Another interesting insight into this case is that the original suspensions happened in 2010 and it took nearly four years to make its way through the system. The girls are now in high school and making preparations for college. The suspension is but a distant memory. Still, there has to be some feeling of vindication.

As for the Easton Area school district, well, if I were a taxpayer in that district I’d be quite angry about how my money was being used. I’d think about voting for someone else come election time for the school board. But, that’s me.

Tom Liberman
Sword and Sorcery fantasy with a Libertarian Ideology
Current Release: The Spear of the Hunt
Next Release: The Broken Throne

Doffing and Donning the Final Decision

Donning and DoffingI recently wrote about the case before the Supreme Court which asked the question of whether or not a company must pay their workers for time spent putting on and taking off required clothing and safety gear. The main issue being safety gear.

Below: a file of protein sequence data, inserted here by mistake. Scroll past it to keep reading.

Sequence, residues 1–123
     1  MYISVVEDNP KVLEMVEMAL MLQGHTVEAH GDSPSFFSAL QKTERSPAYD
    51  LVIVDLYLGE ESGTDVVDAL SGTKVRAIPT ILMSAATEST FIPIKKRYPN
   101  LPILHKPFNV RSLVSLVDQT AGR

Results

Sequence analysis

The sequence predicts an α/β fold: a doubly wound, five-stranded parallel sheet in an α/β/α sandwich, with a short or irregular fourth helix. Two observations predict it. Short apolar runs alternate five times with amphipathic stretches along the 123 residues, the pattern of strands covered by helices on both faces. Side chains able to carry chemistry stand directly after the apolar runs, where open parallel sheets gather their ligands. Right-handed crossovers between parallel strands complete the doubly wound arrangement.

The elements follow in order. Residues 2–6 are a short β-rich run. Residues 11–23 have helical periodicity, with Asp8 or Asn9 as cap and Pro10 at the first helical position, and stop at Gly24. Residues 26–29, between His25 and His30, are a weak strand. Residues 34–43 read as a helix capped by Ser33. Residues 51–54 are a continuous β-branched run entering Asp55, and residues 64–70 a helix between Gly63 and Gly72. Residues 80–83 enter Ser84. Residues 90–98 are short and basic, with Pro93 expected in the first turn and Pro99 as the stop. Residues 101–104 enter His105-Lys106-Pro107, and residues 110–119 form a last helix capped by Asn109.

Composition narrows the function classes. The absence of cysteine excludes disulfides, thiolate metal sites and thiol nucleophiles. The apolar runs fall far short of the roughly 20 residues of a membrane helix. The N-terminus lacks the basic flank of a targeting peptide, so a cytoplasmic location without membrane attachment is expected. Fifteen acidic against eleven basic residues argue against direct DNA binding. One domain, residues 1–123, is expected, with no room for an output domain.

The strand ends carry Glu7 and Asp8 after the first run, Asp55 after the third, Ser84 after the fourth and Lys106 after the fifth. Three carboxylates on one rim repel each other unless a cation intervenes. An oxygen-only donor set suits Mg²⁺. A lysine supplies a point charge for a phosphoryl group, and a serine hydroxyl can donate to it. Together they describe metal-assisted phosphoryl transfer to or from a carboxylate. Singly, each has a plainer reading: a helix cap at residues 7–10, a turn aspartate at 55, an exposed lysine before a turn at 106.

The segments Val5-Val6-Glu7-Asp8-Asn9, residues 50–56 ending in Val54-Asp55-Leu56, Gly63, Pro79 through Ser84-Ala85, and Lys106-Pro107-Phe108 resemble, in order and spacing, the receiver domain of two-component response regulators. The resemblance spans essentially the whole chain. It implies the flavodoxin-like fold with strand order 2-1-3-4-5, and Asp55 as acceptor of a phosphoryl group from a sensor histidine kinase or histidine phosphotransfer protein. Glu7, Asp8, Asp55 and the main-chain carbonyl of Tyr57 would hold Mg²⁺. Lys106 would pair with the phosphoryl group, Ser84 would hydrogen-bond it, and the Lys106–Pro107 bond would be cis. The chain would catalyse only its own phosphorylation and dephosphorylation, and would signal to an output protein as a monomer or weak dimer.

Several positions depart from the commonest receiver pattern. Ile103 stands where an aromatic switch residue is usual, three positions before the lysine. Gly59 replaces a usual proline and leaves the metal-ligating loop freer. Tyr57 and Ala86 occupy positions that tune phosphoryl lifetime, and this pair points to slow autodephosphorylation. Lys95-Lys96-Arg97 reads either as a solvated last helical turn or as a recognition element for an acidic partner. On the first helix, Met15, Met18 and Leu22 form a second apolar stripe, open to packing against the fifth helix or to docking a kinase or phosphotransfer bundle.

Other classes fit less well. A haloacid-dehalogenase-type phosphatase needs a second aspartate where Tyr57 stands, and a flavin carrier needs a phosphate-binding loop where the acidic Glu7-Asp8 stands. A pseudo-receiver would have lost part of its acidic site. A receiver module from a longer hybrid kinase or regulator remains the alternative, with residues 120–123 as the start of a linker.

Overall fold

Well, the court has ruled!

In my original blog I discussed how difficult a question the court was examining. I found it not surprising that most of the commenters didn’t think it was a tricky question and wondered why the court was examining something so “simple”. Most people thought the case was rather silly but the reality is that industry was watching it very closely. There are many jobs which require a uniform or considerable safety equipment and the amount of time spent changing clothes can run from a few minutes to more than an hour for “clean room” laboratories. Police Officers, Firemen, food industry workers, mill workers, the list goes on and on and it was an important question. Are companies required to pay people for the time they spend doffing and donning?